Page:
At dinnertime, the coals from the fire were spread over a one-foot square base. The kabobs were placed on a grate about 8 inches above the coals. These were slow cooked over the heat (no flame) for about 15 minutes. We used a small grate that lays over the larger grate found on many fire pits. This helps with cleaning and to keep food from falling into the fire.

The kabobs and green beans fed 3 adults and 1 child very well and even supplied some leftovers. The total cost for the entire meal was about $12 (or $3.00 per person). This kabob dinner was affordable, delicious and practical. Best of all it was enjoyed outdoors with family.

Celebrating Food, Family and the Summer Solstice at Live Earth Farm

Where does your food come from? Farmer Tom and his family at Live Earth Farm in Watsonville, California, opened their farm during the Summer Solstice so customers, visitors and the curious could connect with the land and meet the people who grow their food.

Baby GoatThis is a great family outing. Our daughter really enjoyed the goat milking demonstration where she and other children were offered a hands-on opportunity to participate. All of us enjoyed meeting and petting goats, but the star attraction was a very cute three-week-old baby goat that just loved sitting on laps.

Fresh BreadPersonally, I enjoyed the bread making a demonstration in an adobe oven. I had seen the oven filled with red-hot coals earlier in the day but now the aroma of baking bread caught my attention. Several families were helping and learning about baking bread. All of us eagerly watched as a small door on the adobe oven was opened and fresh, hot bread was removed. It was quickly devoured.

That afternoon we occupied ourselves exploring the farm and picking blackberries and strawberries in several fields. We also joined in on a demonstration about cheese making. The kids soon discovered the large hay fort and a large cooler of strawberry juice (the real stuff). Then came the hayride.

Families Picking PeppersFarmer Tom led families on a tractor-pulled haycart through the farm to the upper fields passing peppers, wheat, apricots, and eggplants. More than a ride, this was a hands-on tour of the farm. A favorite for the kids was riding on the tractor and sampling the wheat berries from a ready to harvest field of golden colored wheat.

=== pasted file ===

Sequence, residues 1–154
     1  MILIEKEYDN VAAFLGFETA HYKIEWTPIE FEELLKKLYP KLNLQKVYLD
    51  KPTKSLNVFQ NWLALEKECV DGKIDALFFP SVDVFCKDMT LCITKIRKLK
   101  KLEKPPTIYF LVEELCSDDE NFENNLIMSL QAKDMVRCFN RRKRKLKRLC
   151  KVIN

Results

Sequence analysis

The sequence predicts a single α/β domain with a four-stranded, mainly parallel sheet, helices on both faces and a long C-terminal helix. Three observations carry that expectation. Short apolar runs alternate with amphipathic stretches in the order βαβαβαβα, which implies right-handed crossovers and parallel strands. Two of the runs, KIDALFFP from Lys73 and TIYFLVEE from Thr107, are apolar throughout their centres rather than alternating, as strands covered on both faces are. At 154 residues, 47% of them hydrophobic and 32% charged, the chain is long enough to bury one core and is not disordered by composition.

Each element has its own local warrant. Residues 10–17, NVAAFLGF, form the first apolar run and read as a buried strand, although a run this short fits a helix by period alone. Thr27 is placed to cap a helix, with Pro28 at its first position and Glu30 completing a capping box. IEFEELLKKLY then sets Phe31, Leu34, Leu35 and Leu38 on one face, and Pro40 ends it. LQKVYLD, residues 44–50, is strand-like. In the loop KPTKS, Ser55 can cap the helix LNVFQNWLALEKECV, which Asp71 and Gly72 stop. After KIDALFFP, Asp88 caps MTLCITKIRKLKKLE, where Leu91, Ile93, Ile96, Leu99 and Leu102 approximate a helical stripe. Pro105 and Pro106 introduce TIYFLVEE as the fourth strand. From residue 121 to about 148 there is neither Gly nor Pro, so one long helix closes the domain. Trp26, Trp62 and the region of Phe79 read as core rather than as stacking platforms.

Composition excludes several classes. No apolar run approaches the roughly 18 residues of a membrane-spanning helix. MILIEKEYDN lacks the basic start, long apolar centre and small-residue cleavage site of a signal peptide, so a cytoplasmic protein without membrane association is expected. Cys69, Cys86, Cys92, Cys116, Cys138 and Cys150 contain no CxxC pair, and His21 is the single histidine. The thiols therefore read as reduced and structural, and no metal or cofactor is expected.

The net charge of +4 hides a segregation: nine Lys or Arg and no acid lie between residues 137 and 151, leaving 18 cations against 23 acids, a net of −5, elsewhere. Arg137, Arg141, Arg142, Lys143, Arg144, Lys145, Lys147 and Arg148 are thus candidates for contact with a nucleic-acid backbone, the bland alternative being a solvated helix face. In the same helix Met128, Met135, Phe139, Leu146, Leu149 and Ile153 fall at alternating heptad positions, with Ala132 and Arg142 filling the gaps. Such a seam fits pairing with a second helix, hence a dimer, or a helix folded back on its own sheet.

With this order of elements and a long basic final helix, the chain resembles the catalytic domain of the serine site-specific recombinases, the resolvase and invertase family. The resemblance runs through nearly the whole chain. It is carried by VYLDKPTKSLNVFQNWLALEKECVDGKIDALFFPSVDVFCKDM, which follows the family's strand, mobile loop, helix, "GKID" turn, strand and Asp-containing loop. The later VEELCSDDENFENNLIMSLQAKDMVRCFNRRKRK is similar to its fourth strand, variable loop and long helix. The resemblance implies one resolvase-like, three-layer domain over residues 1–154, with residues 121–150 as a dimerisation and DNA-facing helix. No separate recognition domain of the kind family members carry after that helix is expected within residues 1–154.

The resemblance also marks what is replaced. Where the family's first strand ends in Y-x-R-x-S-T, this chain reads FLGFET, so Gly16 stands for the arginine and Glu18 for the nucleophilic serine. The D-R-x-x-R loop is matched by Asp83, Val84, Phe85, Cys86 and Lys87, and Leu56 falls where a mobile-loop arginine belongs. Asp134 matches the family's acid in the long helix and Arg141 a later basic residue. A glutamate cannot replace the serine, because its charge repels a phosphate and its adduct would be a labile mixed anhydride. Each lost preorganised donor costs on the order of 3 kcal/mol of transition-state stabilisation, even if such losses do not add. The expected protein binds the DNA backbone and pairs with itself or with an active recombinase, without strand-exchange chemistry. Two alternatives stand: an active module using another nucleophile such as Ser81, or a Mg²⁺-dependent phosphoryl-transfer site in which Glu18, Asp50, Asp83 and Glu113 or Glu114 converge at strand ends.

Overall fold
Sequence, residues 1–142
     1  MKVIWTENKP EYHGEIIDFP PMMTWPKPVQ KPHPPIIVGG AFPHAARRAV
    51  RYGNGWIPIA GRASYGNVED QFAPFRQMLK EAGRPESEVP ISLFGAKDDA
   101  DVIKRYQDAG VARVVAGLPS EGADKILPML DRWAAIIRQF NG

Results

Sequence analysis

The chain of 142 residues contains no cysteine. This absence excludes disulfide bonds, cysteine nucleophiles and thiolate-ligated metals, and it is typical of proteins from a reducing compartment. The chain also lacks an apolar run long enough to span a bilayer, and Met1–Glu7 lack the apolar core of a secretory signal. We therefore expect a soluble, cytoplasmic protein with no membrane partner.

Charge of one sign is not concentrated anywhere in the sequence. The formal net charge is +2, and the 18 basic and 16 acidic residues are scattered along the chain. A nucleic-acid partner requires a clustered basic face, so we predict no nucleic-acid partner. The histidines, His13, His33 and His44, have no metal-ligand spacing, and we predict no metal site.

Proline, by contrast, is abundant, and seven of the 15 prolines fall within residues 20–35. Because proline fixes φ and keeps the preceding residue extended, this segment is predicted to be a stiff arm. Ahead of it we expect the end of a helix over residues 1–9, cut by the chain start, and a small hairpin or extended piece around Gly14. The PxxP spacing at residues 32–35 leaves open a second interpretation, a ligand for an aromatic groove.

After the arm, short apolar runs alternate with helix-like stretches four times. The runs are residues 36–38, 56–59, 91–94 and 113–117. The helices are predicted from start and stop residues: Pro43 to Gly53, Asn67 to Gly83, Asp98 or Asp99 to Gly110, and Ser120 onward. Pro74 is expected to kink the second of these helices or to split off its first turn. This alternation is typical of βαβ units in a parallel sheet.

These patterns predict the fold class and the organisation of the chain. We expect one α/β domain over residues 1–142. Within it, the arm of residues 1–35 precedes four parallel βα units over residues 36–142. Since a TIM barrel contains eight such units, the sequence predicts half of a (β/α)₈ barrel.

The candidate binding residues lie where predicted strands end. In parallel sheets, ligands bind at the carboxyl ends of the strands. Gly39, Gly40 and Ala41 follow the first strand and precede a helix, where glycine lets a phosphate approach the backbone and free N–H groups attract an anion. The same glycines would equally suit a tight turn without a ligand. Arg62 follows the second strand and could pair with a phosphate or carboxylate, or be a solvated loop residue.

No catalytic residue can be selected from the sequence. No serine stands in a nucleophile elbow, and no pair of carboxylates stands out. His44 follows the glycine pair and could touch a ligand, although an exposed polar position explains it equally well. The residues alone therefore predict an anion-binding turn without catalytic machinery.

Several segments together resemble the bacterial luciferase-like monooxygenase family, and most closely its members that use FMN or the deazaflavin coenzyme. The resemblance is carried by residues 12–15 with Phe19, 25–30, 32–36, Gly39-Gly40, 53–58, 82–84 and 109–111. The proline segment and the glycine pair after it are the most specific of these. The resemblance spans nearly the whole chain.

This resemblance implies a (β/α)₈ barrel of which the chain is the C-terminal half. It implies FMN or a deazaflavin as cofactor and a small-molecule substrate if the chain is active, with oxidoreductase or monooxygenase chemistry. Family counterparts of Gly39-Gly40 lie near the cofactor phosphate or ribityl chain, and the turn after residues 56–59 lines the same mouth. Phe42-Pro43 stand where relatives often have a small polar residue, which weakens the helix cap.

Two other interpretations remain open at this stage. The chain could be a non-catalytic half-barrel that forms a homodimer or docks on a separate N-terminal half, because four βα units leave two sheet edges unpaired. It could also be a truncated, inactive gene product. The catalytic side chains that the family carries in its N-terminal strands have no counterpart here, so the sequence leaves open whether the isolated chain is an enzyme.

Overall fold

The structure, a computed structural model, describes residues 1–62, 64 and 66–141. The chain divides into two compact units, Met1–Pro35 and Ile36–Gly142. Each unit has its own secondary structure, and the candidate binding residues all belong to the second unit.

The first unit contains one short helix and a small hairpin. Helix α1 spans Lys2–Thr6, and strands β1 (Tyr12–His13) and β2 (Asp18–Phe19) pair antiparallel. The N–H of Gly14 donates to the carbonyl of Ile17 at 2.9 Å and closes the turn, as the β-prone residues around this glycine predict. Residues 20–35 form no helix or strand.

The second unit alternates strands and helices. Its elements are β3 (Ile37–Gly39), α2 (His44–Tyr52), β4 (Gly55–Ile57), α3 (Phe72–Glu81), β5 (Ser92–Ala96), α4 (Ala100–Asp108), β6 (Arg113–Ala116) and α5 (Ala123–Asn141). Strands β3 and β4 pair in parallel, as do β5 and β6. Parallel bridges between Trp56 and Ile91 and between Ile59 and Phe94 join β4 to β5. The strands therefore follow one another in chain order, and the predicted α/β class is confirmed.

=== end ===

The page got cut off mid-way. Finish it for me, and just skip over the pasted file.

BonfireAfter the hayride, we sat on a hill braiding garlic and enjoying the day with the longest amount of daylight of the year. The weather was pleasant. From our vantage point, we could overlook several farms and beyond to the green Santa Cruz Mountains. A hawk flew low observing us before returning to higher altitudes.

In the evening there was a potluck dinner followed by a bonfire. The talented marimba band Kuzanga played well into the evening as families danced, socialized and enjoyed being outside. Several kids were amazed that one of the musicians had to stand on a three-foot-tall stool just to play the largest and deepest sounding of the marimbas.

The sun had just set and the evening was cooling. Our family and our friends headed home. All of us were tired yet happy after a full day at the farm. We left with full tummies, our fresh picked berries, braids of garlic and great memories.

Learn more and continue your own explorations of the Live Earth Farm. Live Earth Farm is focused on Community Supported Agriculture where the customer agrees to buy a part of the farm’s organically grown, in-season harvest and in return, the farm commits to growing high-quality veggies, fruits, and herbs. The farm delivers a bountiful portion of the harvest every week to a neighborhood location for pickup by customers